I remember back in the early 2000s, when I was still in high school, I got an invitation in the mail from a sister in my community. I knew her birthday wasn’t for a few months, and that she wasn’t graduating, or getting married. So I was confused about what the invitation was for. As I opened it and read through, my eyebrow started to go up. It seemed she was having a party because she had decided to start wearing hijab full-time. For hijab??–that’s strange, I thought, putting the invitation down and moving along.
That was then, this is now. Since that first invitation to a hijab party, I’ve seen these types of get togethers increase in their popularity. Every year now I’ve been invited to small gatherings of sisters celebrating a milestone in their sister-in-Islam’s life: wearing hijab. I’ve grown more and more accustom to the idea of these parties, so I’ve stopped raising my eyebrows at each invitation. But last summer, my parents received an invitation to one of these parties, and that was when my eyebrows went back up again.
A sister from around my local community was having a hijab party, but this time it was to be held at a wedding hall. Her parents were going to shell out thousands of dollars not only for the hall, but the added expenses of invitations, catering, decorations, clothing (of course) and desserts I would imagine. All this for *just* putting on hijab. That’s seems like a bit much, don’t you think?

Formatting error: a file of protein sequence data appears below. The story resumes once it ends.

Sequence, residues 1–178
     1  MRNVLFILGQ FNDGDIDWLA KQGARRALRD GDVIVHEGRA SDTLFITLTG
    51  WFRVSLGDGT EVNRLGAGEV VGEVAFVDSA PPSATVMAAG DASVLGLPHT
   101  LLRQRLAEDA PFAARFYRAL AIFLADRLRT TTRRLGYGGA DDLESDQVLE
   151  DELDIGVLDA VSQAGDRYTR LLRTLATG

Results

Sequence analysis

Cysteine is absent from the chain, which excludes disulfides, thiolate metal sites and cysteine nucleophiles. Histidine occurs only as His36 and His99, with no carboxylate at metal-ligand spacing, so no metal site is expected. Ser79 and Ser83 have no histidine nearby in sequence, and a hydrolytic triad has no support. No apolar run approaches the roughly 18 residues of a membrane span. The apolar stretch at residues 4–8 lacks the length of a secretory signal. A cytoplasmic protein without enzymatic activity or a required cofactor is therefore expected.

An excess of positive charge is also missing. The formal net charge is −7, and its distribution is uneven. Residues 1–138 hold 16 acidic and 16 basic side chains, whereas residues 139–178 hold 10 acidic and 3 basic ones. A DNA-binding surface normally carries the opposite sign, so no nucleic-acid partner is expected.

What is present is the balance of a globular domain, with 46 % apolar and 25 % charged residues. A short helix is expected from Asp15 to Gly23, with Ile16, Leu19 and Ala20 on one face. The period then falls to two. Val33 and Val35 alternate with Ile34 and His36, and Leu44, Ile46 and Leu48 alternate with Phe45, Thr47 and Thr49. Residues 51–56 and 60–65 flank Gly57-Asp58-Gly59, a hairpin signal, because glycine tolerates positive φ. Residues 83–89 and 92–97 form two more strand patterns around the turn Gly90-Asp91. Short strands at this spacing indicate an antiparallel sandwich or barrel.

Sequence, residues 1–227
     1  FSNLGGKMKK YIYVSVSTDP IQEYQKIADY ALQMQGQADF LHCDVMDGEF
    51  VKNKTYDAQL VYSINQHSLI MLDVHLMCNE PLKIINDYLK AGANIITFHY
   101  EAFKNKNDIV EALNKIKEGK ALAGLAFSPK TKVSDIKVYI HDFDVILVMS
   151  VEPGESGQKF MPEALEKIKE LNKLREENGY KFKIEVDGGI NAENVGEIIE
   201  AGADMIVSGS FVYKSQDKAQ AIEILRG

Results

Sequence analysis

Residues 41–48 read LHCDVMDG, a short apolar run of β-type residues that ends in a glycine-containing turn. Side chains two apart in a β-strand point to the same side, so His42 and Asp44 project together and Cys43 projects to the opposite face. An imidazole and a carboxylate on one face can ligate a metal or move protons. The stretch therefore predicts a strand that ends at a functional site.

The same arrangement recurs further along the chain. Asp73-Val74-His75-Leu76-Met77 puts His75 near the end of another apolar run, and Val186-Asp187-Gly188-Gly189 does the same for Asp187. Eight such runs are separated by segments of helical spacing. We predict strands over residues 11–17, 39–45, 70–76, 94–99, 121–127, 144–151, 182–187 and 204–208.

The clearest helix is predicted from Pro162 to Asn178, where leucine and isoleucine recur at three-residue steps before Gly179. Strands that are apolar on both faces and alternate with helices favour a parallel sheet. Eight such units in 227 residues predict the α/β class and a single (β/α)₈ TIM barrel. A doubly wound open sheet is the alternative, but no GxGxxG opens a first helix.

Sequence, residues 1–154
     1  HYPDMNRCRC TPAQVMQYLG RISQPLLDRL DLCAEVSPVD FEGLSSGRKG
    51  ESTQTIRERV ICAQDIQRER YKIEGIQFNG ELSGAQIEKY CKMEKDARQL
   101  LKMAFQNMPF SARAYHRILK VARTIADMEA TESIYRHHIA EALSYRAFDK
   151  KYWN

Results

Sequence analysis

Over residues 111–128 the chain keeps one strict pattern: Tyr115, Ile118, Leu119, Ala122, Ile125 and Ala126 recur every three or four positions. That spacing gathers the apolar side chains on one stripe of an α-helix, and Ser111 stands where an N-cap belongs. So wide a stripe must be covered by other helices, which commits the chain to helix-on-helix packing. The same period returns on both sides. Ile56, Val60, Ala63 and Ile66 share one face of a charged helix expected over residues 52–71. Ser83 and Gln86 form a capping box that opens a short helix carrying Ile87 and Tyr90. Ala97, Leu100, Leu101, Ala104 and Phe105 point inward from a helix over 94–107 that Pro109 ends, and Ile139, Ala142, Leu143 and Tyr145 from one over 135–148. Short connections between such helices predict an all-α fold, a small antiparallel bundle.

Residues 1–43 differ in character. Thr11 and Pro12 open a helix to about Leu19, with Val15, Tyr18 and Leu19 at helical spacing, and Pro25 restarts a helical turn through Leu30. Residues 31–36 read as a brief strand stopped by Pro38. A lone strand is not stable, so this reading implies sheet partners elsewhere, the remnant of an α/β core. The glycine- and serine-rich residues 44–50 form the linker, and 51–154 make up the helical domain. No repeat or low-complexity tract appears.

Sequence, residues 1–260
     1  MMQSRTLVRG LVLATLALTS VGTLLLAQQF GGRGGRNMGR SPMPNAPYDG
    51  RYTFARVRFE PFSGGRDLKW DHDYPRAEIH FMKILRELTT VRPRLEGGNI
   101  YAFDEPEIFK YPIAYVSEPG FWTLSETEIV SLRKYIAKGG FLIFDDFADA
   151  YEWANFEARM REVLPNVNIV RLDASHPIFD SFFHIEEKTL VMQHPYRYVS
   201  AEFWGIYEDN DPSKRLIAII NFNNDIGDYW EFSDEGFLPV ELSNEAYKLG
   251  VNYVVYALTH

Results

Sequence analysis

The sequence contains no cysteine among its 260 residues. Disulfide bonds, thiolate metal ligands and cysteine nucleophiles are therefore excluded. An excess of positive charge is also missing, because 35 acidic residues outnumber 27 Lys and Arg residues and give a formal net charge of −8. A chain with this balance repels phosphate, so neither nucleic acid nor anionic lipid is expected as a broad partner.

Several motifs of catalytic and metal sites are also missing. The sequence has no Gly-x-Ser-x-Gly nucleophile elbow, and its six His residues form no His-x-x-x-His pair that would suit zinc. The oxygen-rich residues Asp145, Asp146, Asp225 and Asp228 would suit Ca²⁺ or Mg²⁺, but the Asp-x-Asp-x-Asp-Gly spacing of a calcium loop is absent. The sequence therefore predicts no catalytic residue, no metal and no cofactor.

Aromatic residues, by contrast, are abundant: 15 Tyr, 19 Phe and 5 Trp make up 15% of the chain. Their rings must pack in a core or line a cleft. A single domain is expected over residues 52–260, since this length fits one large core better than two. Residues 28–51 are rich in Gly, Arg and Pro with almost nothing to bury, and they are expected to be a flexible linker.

I remember once I had a conversation with a close friend I went to college with about the hijab parties on campus. She never wanted to go to them, and I mistakenly just figured she was one of those everything’s-haram-now type of Muslims. My take on all the parties was that it was just a little bit of encouragement, a pat on the back. These parties on campus were very “low-key”: a few girls getting together, sharing some pizzas, and congratulating a friend on a bold step in the right direction, alhumdulillah.
But what my friend saw it as was the institutionalization of a new religious celebration (think along the lines of Bismillah and Ameen parties). Her stance was that it all starts off “for a good cause” but that’s how all innovations start (ooh… buzz word!). What she feared was that one day, this would become a custom, something expected, needed and wanted by all young girls when they start wearing hijab.
I didn’t agree with her, because I thought the parties were still out of the ordinary and would never reach that level (little did I know of my parents’ forthcoming invitation!) But then she told me, “You don’t know how many girls I’ve heard say, ‘When I started wearing hijab, how come my friends didn’t throw me a party?’ with obvious bitterness and resentment.”
So the problem lies in the fact that some sisters are losing sight of the important motivation and reward of wearing hijab–not the party, not the gifts, not the desserts, not the recognition, but ONLY the pleasure of Allah. If a sister starts wearing hijab and the first thing she expects is a pat on the back and a pizza party with her friends (which may lead to more grandiose ideas of parties at the scale of weddings)… then she needs to rethink why she started wearing it in the first place.
The greatest reward, and I think most would agree, is the recognition that comes from Allah, subhanahu wa ta’ala, and knowing that when you took one step to come closer to Him, He came walking to you.
So, on the subject of hijab parties, friend or foe?… For now I’m going to go with friendly foe on the basis that It’s all fun and games until someone gets hurt! And in the case of hijab parties, the someone getting hurt is our imaan. If these parties continue to escalate over the next few years, we’re headed down a path which will start to deteriorate the concept of seeking reward and recognition only from Allah and obviously, that isn’t a path we should be taking.